Dornbos came to California with dreams
of becoming a successful actress in the entertainment industry. Sarah wanted
a lucrative career that would enable her to give back financially to the
poor. Little did she know that her life would be the means of giving back
and that she would forever change children's lives in her community and
beyond. Sarah has used her education, talents, skills and experiences to
start a mentoring program for at-risk youth, called Kids Hope at Eagle Rock
Elementary School in Los Angeles, California.
Sarah has worked all over the world. She was trained as an actress in Dublin, she has worked as a teacher in Michigan, lettuce truck driver in LA, and even micro-enterprise developer in Rwanda. Sarah has been placed in a role where she cares for kids and develops and trains volunteers to mentor at-risk youth. Mentors develop relationships with students that foster hope, dreams and love. The Kids Hope program at Eagle Rock Elementary has flourished, and there are now programs running a few other schools in Los Angeles. Sarah's determination and commitment to serve the underprivileged in Los Angeles is impacting communities beyond her own.
We were so inspired with the time spent with Sarah, listening to her story and how her journey has led her on a path in which lives are continually changed and given hope. She is in incredible woman that is living A Life Worth Imitating as she encourages volunteers and students each day. Sarah uses her life to instill hope, confidence and affirmation in others. Now, that's A Life Worth Imitating. #TeamBarnabas
Tell us about the Kids
Hope program at Christian Assembly.
affirmation, and hope! My job, as the Kids Hope director, is to recruit
and train volunteer mentors from and then pair them with one child that has
been identified by the school. Mentors commit to meeting with their student
one hour, once a week, for the whole school year. During the first school
year (2007-2008), we served 15 children. We are now in the middle of our 5th
year and we are serving almost 70 students every week! Our program continues
to grow because of the amazing men and women of Christian Assembly Church
who commit to making a difference in the life of a child.
What was life like
for you growing up?
us about the road you have traveled that lead to your work with Kids Hope.
I've had a pretty incredible journey since graduating from college. I had a double major in Art Education and Theater, with a Missions Minor. I worked for three years as an art teacher in the public schools in Holland Michigan teaching. It was an awesome, colorful, joy-filled job! I also started going to Haiti in 2000 and taking teams there 2 or 3 times a year, as my teaching schedule allowed.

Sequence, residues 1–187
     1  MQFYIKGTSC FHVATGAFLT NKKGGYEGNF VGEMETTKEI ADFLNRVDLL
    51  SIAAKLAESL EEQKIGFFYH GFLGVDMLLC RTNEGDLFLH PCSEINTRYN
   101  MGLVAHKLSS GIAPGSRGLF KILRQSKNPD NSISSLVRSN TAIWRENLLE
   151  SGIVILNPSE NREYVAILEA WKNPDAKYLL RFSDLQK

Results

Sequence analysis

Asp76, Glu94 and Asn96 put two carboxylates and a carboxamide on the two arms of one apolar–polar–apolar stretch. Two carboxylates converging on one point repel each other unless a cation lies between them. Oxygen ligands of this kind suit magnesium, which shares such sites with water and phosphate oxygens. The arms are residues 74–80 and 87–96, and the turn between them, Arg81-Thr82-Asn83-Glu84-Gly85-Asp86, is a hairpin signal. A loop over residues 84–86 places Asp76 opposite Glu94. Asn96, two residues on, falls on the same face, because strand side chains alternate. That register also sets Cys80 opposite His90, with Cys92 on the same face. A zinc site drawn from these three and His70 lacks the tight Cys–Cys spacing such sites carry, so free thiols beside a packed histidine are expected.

I left my job as an elementary art teacher to go work in Rwanda. I worked in the capital, Kigali, as well as a town in the southwest called Cyangugu. That was in 2003 and many Rwandans were just returning to their country after fleeing from the genocide in 1994. I worked with "Amahoro ava Hajuru" (which means "Peace on High" in Kinyarwanda). Women of opposing tribes (the Hutus and the Tutsi's) were working side by side in my organization, leading the way to reconciliation and peace in their country. It was inspiring and humbling work. I taught the ladies basic tie-dye and batik techniques so that they could dye fabric and sell it. You can see their products here: http://www.amaniafrica.org/about.php
After that, I moved to California to pursue a career in the entertainment industry. I know that sounds totally random, but I figured it was the only way I could make a lot of money that I could give away to the people who had captured my heart in Haiti, Rwanda and Kenya. I had trained as an actress at the Gaiety School of Theater in Dublin, Ireland in college, and got an agent fairly quickly here in LA. I was getting some work but not feeling at peace about it. It didn't seem authentically what I was made for (and I really believe that if we're doing the work we were made for, we feel fully alive, I was feeling more and more dead). So after about 18 months, I decided to stop pursuing acting.
Instead, I drove a lettuce truck for four years and worked at local farmers' markets selling lettuce. I eventually got promoted to manager at the Burbank Farmers' market and that job allowed me the time and space to volunteer 20 hours a week at Christian Assembly in Eagle Rock, which eventually paved the way for a Kids Hope partnership with Eagle Rock Elementary.
the funny thing, there are some days when I am walking through the playground
and kids run up to me that I feel like a celebrity. And my heart smiles, because
God knew better than I did, exactly the sort of "celebrity" I could
handle without my ego getting inflated! God knew how much life and joy this
job would bring-not only me-but so many people involved with this ministry.
I so often feel like Kids Hope is the perfect job for me-it fits my values,
my gifts and my strengths so well-but I would never have dreamed that I would
be doing it when I graduated from college.
your favorite parts of the work you do with Kids Hope?
What does 'A Life Worth
Imitating' mean to you?
What do you think about
"Meet A Barnabas"
features people who inspire others by living a life of integrity. What does
that mean to you?
also means being honest, being the same with people as you are when no
one is looking at you. Integrity is not perfection, but a willingness
to stay engaged, to persevere, to say "I'm sorry, I messed up"
and mean it. I think being a person of integrity takes discipline and
lot of perseverance. That doesn't make it fun every day, but it builds
a life that satisfies in ways that few other things can!